The Section 199 deduction, also referred to as the domestic manufacturing deduction, is intended to encourage domestic manufacturing in the U.S. But this valuable tax break can also be used by many other types of businesses as well as manufacturing companies.

 Sec. 199 Deduction 101

The Sec. 199 was established by the American Jobs Creation Act of 2004 was created to ease the tax burden of domestic manufacturers deduction. For tax years beginning in 2010 and thereafter, the benefit is fully phased in at 9% of taxable income from the lesser of qualified production activities. The deduction is also limited to 50% of W-2 wages paid by the taxpayer that are allocable to domestic production gross receipts.

The deduction was originally intended for traditional manufacturers, but businesses engaged in activities such as architecture, engineering, construction, computer software production, and agricultural processing may also be eligible.

The deduction isn’t allowed in determining net self-employment earnings and largely cannot reduce net income below zero. Although, it can be used against the alternative minimum tax.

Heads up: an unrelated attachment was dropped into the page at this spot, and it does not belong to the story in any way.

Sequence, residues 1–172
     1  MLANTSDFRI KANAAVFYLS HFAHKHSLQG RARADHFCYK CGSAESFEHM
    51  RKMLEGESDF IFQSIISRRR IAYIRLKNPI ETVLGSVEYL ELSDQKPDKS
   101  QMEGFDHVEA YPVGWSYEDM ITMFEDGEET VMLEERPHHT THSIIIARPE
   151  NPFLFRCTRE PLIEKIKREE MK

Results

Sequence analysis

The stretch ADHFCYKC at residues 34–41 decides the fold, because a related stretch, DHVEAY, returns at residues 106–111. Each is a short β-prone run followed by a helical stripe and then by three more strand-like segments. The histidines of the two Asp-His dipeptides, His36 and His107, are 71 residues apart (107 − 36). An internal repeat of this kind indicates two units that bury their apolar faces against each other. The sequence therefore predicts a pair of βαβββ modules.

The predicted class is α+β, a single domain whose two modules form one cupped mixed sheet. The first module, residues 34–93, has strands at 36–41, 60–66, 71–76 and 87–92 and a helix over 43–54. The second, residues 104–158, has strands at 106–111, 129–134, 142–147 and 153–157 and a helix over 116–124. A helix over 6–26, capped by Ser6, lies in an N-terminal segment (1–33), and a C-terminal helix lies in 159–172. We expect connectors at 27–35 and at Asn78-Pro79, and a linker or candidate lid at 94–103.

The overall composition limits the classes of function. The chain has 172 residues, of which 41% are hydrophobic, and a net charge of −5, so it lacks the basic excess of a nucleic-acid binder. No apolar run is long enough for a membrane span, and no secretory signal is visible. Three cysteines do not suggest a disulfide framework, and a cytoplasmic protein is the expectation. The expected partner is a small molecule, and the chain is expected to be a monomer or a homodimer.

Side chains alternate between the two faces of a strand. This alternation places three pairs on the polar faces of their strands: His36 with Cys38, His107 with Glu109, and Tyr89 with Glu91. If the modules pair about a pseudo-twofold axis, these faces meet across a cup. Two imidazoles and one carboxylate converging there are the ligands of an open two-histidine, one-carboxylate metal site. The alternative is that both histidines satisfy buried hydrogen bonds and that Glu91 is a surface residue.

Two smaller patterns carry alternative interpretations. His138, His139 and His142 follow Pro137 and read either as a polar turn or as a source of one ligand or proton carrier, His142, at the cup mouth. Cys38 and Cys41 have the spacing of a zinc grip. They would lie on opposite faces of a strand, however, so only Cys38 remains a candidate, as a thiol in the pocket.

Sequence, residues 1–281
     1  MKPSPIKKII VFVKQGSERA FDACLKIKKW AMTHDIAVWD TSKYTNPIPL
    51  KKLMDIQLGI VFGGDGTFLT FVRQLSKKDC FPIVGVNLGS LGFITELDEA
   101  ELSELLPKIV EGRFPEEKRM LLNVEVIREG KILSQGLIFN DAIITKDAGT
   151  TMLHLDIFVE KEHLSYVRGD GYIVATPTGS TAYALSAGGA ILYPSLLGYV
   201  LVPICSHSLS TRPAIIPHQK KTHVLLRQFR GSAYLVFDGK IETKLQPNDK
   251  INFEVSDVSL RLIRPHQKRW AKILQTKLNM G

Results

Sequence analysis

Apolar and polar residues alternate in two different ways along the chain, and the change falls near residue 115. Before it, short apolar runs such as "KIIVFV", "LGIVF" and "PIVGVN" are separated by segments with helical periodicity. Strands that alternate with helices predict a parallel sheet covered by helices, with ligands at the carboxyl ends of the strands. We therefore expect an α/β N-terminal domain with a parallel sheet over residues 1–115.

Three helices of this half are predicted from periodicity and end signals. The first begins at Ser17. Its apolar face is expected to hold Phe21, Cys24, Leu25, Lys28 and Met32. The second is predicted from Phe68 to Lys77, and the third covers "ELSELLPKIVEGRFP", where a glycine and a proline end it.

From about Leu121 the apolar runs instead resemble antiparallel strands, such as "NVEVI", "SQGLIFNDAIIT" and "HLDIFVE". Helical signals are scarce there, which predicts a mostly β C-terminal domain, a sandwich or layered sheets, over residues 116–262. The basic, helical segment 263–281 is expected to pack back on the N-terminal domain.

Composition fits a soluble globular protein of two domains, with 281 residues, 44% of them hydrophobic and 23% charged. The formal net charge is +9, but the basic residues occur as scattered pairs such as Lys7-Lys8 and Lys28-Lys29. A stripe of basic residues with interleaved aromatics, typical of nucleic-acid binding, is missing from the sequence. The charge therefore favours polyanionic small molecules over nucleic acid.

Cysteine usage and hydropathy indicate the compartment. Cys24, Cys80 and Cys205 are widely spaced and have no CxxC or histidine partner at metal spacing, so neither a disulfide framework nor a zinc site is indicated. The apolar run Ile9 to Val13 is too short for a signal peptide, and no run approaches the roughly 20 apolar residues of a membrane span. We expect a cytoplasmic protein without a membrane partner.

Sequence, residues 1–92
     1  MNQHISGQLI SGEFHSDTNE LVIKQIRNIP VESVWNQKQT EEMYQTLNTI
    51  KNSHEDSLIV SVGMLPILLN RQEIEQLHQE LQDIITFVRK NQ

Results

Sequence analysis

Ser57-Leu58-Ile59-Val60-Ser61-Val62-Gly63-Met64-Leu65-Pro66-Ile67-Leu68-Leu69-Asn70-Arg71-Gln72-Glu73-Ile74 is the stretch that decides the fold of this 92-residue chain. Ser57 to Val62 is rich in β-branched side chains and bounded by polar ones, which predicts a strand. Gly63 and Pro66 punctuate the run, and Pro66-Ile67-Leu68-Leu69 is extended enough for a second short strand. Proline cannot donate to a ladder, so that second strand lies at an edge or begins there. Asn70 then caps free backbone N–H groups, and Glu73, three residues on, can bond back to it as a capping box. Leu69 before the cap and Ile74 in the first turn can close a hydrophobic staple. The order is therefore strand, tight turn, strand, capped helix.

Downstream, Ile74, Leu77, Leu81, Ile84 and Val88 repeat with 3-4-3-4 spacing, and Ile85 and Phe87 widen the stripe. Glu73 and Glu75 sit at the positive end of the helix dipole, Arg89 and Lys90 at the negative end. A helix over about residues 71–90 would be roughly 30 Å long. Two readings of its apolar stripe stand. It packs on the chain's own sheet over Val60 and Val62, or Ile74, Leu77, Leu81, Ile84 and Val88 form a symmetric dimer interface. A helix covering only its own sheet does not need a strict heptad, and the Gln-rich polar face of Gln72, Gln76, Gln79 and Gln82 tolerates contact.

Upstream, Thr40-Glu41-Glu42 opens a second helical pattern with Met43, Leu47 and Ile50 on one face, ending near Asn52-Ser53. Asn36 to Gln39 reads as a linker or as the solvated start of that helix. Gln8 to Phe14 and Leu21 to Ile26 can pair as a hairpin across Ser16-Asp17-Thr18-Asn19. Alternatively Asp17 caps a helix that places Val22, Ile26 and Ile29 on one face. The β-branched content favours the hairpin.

How Income is calculated
To determine a company’s Sec. 199 deduction, its qualified production activities income must be calculated. This is the amount of Domestic Production Gross Receipts (DPGR) exceeding the cost of goods sold and other expenses allocable to that DPGR. Most companies need to allocate receipts between those that qualify as DPGR and those that don’t — unless less than 5% of receipts aren’t attributable to DPGR.

DPGR can be found from a number of activities, including the construction of real property in the U.S., as well as architectural or engineering services performed stateside to construct real property. It can also result from the lease, rental, licensing, or sale of qualifying production property, such as:

  • Tangible personal property (for example, machinery and office equipment),
  • Computer software, and
  • Master copies of sound recordings

The property must have been manufactured, produced, grown, or extracted in whole or “significantly” within the U.S. While each situation is different, the IRS has said if the labor and overhead incurred in the United States accounted for at least 20% of the total cost of goods sold then the activity normally qualifies.

Contact your advisor to learn whether this potentially powerful deduction could reduce your business’s tax liability when you file your 2016 return.